Unencrypted login | home

Program Information

The Development of a Set of Deformable Thermoplastic Materials That Mimic Tissue for Kilovoltage and Megavoltage Computed Tomography

no image available
K Singhrao

K Singhrao*, N Kirby, J Pouliot, UC San Francisco, San Francisco, CA

TU-C-141-1 Tuesday 10:30AM - 12:30PM Room: 141

Purpose: To construct a phantom designed to test deformable image registration algorithms, by developing a set of deformable thermoplastic materials that mimic tissue for both kilovoltage and megavoltage computed tomography.

Methods: A material formulation was developed to represent muscle, water, and adipose using two polyurethanes capable of deforming in boiling water to produce anatomical deformations. The CT Hounsfield Units (HU) were tuned by doping the polyurethanes with a primary additive to increase the HU and a secondary additive to decrease it. To mimic actual bone, a plastic mixture whose HU was controlled by a tertiary additive was formulated to remain rigid in boiling water. A phantom prototype representing a central sagittal head and neck slice was constructed using the optimized materials. To ensure the phantom was anthropomorphic, its geometry was designed by contouring the major anatomical sites of a patient. The phantom was constructed so it could be opened along the sagittal midsection where a grid of 300 nonradioopaque markers were placed with 5mm spacing. The grid served as a nonradioopaque means of characterizing the 3D magnitude of a deformation with an optical camera.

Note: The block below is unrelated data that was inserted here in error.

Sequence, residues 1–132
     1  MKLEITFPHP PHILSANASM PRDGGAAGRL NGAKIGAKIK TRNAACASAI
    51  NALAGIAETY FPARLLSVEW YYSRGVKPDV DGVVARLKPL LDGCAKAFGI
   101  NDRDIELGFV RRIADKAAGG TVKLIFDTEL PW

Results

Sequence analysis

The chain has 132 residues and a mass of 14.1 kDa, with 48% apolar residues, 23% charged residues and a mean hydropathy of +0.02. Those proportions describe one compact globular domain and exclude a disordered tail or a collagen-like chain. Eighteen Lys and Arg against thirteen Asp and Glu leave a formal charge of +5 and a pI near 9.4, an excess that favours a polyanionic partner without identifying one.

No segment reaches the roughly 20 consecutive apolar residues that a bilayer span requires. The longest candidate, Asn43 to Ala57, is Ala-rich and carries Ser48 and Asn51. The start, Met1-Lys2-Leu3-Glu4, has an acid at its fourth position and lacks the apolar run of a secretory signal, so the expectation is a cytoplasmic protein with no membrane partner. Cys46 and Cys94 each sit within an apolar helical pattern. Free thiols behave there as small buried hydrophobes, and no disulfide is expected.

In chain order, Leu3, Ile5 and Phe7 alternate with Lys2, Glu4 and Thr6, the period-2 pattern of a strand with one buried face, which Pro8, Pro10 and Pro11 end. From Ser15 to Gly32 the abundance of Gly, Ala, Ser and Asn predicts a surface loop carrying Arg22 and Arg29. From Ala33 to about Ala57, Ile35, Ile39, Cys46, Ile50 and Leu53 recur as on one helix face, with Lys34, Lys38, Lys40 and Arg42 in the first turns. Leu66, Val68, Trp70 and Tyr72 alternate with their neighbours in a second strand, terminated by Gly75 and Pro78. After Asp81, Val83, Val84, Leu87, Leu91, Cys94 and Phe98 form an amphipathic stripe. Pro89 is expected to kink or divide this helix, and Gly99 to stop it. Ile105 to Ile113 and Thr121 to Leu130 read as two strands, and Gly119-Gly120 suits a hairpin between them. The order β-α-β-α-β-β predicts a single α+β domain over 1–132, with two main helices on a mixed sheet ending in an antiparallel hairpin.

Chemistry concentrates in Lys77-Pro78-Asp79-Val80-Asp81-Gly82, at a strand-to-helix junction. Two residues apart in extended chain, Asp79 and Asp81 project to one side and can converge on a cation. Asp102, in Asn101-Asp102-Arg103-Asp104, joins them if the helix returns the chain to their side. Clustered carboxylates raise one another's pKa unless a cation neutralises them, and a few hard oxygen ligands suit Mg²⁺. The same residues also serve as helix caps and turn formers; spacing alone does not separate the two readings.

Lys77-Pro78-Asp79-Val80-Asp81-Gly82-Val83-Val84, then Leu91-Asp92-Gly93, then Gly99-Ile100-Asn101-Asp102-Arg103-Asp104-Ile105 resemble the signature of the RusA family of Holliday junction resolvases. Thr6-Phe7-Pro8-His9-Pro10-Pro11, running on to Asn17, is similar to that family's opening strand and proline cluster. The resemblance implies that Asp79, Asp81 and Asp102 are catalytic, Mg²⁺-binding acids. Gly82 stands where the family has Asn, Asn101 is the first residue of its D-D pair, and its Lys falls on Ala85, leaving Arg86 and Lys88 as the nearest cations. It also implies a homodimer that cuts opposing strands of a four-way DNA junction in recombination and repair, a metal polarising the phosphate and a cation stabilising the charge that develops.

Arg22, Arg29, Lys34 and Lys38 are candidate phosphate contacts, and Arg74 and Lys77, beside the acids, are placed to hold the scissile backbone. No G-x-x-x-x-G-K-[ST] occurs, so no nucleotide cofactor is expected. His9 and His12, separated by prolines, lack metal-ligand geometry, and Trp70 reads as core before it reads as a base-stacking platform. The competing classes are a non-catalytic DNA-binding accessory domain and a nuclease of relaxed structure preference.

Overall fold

Results: The phantom materials were successfully tuned to be both kV and MV compatible and made to represent different tissues. The phantom constructed from these materials exhibited a similar HU contrast to an actual patient and was successfully deformed around the neck section, producing a clinically realistic deformation of several mm in magnitude.


Conclusion: Using the formulated set of materials, an anthropomorphic phantom depicting different tissue types was built and deformed in 3D in a clinically realistic fashion. By measuring the positional changes of the optical markers, the constructed phantom can be used to physically verify deformable image registration algorithms.


Funding Support, Disclosures, and Conflict of Interest: The work was supported in part by a UC Proof of Concept Program Commercialization Gap Grant.

Contact Email: